An audience at a standard poetry reading is offered an anti-spectacle— a single man or woman, reading from sheets or a book, often looking down at this book while intermittently gazing up at his or her audience. Why look at something or someone static, and (for the most part) inexpressive? This is the first level of impoverishment. Then, as to the contents of poems read in a public context: are most poems compelling enough, as works of literature, to merit public airing? The truth is that most serious poems do not read that well out loud— poems (good ones) contain enormous amounts of compressed data, which necessitates slow, ocular engagement. Lines that need to be read three or four times to be properly processed pass with such rapidity, in a reading context, that they might as well be Greek as English. Moreover, attendees have two options— to make an earnest attempt to understand things instantly, or to drift off into reverie. The latter has consistently been my choice (and I have, fortunately or unfortunately, sat through dozens of readings).
But the Philly Free School artists (of which I was one) started from the presupposition that poetry could be mixed with Artaud; that public poetry is, in fact, better as a side-dish than as a main course; and that the possibilities of “spectacles” were (and remain) more exciting than more conventional poetry contexts. As such, the Philly Free School shows (which were well-attended but received little media coverage) presented, in general, little in the way of conventional poetry performances; poetry was mixed with video and music to create novel effects. I was proud to contribute to these performances, because they had not only young energies but principles behind them. While I would not deny that results were mixed (some ideas came off, some did not), I have yet to see another concentrated attempt to make poetry multi-media in a public forum. We were using artful language as texture, the way a painter might use brushstrokes, and an inquiry into this usage (language-as-texture) revealed untapped possibilities as regards making poetry interesting to audiences, who may or may not find poetry interesting to begin with.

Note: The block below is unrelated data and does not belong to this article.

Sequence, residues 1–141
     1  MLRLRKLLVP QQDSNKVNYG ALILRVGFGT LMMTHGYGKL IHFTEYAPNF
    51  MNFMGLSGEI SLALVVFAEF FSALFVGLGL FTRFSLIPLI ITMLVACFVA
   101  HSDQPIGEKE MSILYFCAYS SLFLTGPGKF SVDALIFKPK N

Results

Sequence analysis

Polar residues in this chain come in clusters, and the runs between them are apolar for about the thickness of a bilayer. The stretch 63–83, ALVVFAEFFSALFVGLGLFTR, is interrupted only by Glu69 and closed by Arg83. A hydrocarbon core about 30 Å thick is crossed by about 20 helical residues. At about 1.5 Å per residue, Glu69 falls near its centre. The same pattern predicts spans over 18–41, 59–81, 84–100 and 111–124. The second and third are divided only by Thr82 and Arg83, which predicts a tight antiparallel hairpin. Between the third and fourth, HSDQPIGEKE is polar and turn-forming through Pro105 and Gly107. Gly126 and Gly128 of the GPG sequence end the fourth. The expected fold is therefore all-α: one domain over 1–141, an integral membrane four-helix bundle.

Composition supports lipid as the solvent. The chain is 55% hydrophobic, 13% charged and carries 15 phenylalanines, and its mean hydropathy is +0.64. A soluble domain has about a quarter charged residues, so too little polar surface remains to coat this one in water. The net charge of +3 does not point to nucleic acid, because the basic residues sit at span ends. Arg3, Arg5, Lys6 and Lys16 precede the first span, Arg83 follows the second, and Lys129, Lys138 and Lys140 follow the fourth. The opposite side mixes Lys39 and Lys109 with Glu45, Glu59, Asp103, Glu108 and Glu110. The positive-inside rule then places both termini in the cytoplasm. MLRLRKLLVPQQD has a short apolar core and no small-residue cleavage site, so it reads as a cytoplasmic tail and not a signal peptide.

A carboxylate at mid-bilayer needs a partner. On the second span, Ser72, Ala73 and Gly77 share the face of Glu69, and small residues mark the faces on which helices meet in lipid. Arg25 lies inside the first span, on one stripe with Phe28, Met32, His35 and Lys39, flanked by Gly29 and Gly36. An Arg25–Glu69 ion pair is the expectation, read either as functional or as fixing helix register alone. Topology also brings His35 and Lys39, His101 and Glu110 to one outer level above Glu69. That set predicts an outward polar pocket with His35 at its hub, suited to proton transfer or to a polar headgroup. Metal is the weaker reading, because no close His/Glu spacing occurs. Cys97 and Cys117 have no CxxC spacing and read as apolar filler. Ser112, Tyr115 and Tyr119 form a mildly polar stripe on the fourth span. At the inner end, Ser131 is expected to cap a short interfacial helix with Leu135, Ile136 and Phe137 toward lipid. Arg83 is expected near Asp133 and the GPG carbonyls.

When language is used as texture, as a constituent part of a spectacle that also includes sound and images, the audience (ideally) feels itself immersed or engulfed in a dynamic collage; as such, this kind of performance is an extension of the Modernist ethos. Fractured things can be more compelling than wholes; this was one tenet that motivated Pound, Eliot, and the rest. For an audience, sitting in a darkened room (and the Highwire offered two main spaces, a conventional gallery space and a warehouse space), this sense of brokenness could be interpreted many ways, but the essential thing for us was to present something that was dynamic, rather than static. The most elaborate of these presentations involved music, images, and poetry at once; while it would be reasonable to question whether the total effect was bombastic or not, the responses we received encouraged us to believe that what we were doing was significantly more exciting than an average poetry performance. Live poetry, I would argue, only works as texture to begin with; it is in the mix of things that live poetry comes alive. In the specific performances that I was personally involved with, I did, in fact, read entire poems; if I had it to do over again, I would not. It would have been substantially more appropriate to read fragments or even to improvise. The video collages were put together from foreign movies, Internet, music video, and photography bits. The musical elements alone were entirely improvised. Although I am proud of what the Philly Free School accomplished, it was merely a beginning. Thinking about it now, we could have been much more rigorous. Our ideas of spectacle were naïve, and needed development.